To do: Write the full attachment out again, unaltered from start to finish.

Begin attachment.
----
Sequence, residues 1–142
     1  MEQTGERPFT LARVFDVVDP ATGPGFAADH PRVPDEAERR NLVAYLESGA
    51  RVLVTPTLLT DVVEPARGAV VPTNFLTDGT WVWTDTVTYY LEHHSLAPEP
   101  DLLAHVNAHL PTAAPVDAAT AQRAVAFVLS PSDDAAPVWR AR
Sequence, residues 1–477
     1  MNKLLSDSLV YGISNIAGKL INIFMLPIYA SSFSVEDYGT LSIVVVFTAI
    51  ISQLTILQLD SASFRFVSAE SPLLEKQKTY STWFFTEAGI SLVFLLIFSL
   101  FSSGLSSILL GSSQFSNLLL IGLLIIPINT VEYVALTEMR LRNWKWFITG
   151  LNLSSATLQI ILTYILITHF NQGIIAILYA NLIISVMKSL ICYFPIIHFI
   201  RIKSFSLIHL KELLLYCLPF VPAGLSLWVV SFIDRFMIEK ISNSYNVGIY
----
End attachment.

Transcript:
Sequence, residues 1–142
     1  MEQTGERPFT LARVFDVVDP ATGPGFAADH PRVPDEAERR NLVAYLESGA
    51  RVLVTPTLLT DVVEPARGAV VPTNFLTDGT WVWTDTVTYY LEHHSLAPEP
   101  DLLAHVNAHL PTAAPVDAAT AQRAVAFVLS PSDDAAPVWR AR
Sequence, residues 1–477
     1  MNKLLSDSLV YGISNIAGKL INIFMLPIYA SSFSVEDYGT LSIVVVFTAI
    51  ISQLTILQLD SASFRFVSAE SPLLEKQKTY STWFFTEAGI SLVFLLIFSL
   101  FSSGLSSILL GSSQFSNLLL IGLLIIPINT VEYVALTEMR LRNWKWFITG
   151  LNLSSATLQI ILTYILITHF NQGIIAILYA NLIISVMKSL ICYFPIIHFI
   201  RIKSFSLIHL KELLLYCLPF VPAGLSLWVV SFIDRFMIEK ISNSYNVGIY